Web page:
In spite of parasitic
I'm amazed it's at all

but seldom grateful.

  Masterpieces in obscure media
as a protest obscurer still,
he conceived the chief aim
of his leisure moments.

But the beauty of the project
soon palled,
so much work it takes!
(to say Damn the Competition);

might as well go on strike.

  Too amateur a venue
for one so published,
this billboard i deface.
I resort to leatherbound editions.

Rumors of intimacy
rebound from the hard walls
void of bookshelves
or, indeed, posters.

And hist'ry, that debunked debunker,
comes to the rescue
in the wrong way for the wrong reasons.

02 13 92

'I believe that if the geometrician were to be conscious of this hopeless and desperate striving of the hyperbola to unite with its asymptotes, he would represent the hyperbola to us as a living being and a tragic one!'

Everything after the Gulf War seems both empty & sinister.

"Animo qui aegrobat videmus corpore hunc signum dare;
tum doloribus confectum corpus animo obsistere." --Lucilius ('A sickness of mind, we see, makes its mark on flesh; racked with pains, that flesh then ravages the mind.' tr Janet Lembke in: Bronze and Iron (1973))

Monday, April 19, 2004

"As their APC's and tanks keep getting blown up, the Americans have to take any face-hardened steel plating available and start welding. ...Now you see these improvised fighting machines all over Iraq. Once painted with that solid olive drab color, they are now patchworks of red, black and green, with random pieces of metal sticking off everywhere, bristling with guns. They look incredibly bizarre. I call it the Mad Max Rolling Sideshow." --Christopher Deliso
The 27-Letter Alphabet.

Second Thoughts.
"Another thing that generally cheers me up is "banking" my finished works. All my adult life, I've had this non-rational belief that my main function in life was to get as many works into my Final Account as possible. I actually have a physical feeling of contentment when I imagine myself inserting a new finished work into the slot in the building that holds The World's Cultural Works. It's exactly as in Monopoly as one accumulates properties, hotels and money!" --Bob Grumman
   (With me, it's more like, as Leonard Cohen once replied to an interviewer who contested his self-description as 'mediocre': "The evidence accumulates.")

"There is no bad or even good Iraqi poet. ALL of them are excellent and superior. This has been the rule since God created the poets and allowed them to produce poetry. Every country had a time in its history when there was no great poet alive. It never happened in Iraq, nor will it happen." --Calling It like It Is

The Unbearable Lightness of Blogging.
"We had no way to talk about any of this. We were at the same time terribly intimate and terribly aloof. We could work shoulder to shoulder for days on end, on what we knew for sure were battle lines; we knew the smell and taste of each other's breath and sweat, but we never stopped, we never paused long enough to look each other in the eye.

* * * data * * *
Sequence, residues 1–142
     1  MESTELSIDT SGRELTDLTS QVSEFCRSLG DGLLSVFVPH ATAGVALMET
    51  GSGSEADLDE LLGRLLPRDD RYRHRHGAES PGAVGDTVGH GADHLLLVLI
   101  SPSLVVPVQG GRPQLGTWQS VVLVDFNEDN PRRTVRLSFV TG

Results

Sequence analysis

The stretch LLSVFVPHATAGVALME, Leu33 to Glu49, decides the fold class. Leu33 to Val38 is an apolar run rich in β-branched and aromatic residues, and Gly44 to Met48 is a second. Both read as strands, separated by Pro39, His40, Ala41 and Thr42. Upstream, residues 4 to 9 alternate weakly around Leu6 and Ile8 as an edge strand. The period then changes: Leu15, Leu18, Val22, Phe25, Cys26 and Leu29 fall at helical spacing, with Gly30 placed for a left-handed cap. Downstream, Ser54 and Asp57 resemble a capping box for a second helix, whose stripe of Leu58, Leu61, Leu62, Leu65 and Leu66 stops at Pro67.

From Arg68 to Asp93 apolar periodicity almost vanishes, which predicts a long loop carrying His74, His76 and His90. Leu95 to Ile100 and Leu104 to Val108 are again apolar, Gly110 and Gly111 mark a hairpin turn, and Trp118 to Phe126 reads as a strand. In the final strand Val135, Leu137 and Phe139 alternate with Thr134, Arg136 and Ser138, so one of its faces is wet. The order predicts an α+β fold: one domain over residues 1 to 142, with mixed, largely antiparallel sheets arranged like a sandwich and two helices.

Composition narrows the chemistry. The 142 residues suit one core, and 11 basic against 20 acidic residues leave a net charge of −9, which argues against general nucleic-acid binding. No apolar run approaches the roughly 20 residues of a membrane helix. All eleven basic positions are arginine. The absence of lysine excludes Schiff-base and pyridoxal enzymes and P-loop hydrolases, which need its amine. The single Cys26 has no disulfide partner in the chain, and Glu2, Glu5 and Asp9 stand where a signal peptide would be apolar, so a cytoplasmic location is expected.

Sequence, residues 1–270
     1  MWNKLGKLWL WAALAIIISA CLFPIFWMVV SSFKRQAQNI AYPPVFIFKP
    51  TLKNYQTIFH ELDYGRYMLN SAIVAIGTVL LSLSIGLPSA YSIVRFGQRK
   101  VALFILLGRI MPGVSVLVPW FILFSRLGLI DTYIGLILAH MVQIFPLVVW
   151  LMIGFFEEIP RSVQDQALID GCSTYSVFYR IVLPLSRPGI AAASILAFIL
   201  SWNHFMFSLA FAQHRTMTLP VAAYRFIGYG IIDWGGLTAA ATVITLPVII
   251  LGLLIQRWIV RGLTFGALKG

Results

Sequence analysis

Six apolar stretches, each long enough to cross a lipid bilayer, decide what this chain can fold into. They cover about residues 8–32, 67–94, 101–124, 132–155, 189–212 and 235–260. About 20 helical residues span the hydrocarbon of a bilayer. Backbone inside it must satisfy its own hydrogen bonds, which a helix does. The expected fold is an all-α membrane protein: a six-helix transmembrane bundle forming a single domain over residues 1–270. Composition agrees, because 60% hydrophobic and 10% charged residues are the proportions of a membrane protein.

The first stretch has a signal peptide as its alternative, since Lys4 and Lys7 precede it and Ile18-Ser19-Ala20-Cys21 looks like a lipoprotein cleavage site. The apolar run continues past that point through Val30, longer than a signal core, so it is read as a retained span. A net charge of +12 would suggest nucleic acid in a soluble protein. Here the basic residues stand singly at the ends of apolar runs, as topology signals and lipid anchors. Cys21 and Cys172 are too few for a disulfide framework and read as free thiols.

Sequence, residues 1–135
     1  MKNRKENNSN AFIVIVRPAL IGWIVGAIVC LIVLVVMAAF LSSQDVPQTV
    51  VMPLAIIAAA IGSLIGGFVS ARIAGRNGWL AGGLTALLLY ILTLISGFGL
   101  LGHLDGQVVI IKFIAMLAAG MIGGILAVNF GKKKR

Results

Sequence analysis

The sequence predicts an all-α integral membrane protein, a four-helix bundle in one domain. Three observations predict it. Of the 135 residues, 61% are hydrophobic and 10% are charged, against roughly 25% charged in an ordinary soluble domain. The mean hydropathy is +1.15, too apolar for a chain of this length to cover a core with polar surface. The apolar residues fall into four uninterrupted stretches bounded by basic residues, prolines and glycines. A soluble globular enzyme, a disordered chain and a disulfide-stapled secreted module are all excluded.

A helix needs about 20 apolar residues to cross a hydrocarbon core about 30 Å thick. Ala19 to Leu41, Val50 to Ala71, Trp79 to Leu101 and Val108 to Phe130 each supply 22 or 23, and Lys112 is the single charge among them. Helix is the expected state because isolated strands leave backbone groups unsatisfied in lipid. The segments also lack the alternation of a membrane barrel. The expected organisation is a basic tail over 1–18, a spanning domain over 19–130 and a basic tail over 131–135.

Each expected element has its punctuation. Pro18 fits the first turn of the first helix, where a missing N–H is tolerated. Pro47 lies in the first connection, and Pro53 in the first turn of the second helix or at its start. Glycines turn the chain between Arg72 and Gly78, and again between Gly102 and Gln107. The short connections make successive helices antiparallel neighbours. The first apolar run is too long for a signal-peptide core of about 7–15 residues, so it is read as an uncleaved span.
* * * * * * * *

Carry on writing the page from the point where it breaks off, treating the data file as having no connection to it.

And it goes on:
And we had no vocabulary for these things. No
concepts, really, for what was happening. Another world was breaking through to ours, and we were awash in it. We had in fact invited it and here it was, and mostly we saw it as good. We set blind boundaries, changed them, made impromptu rules, forgot them, quarreled, worked together. While some of us drifted out of reach on hard drugs, or the pure chemistry of denial and need.
   But we had no words, not even the thought to look for
words to speak what was happening. OR
  before we identified he weather pattern, the storm had
already broken.

You could put it like that." --Diane DiPrima, Recollections of My
Life as a Woman
' "What I have received as my inheritance," he said, "is the hope for a book. Poisoned legacy! with each of my works, a little more of this hope fades away." ' --Edmond Jabès, The Book of Shares (1987) tr Rosemarie Waldrop

There is something poetic about the planned but unwritten novel that a written one lacks. I must beware of loving too much this aura.
  The discovery of self-modulation, of varying one's style, is the basis for most contemporary art careers. Sometimes it is most baseless; sometimes truly independent of scrutiny. I have almost loved this more than the medium itself. It has lured me from truth when truth was unavailing. I have considered it the mystery of myself. --Though it is not even the central mystery of art.

"Jean-Bertrand Aristide, the deposed president of Haiti, is represented with his attribute, a rooster, and the name of his party written in sequins. He may be finished as president, but he is well on his way to becoming a voodoo spirit figure." --Regina Hackett in the Seattle Post-Intelligencer 2-15-92

"I am the son of the future but she shows me only her mourning veil" --W S Merwin

...the intensity i feel at being rejected is a direct measure of my degree of egotism. [Wherefore it is a good thing to happen once in awhile?]

It was parental supervision that made Americans want to live anonymously. To compensate, they devise lifestyles.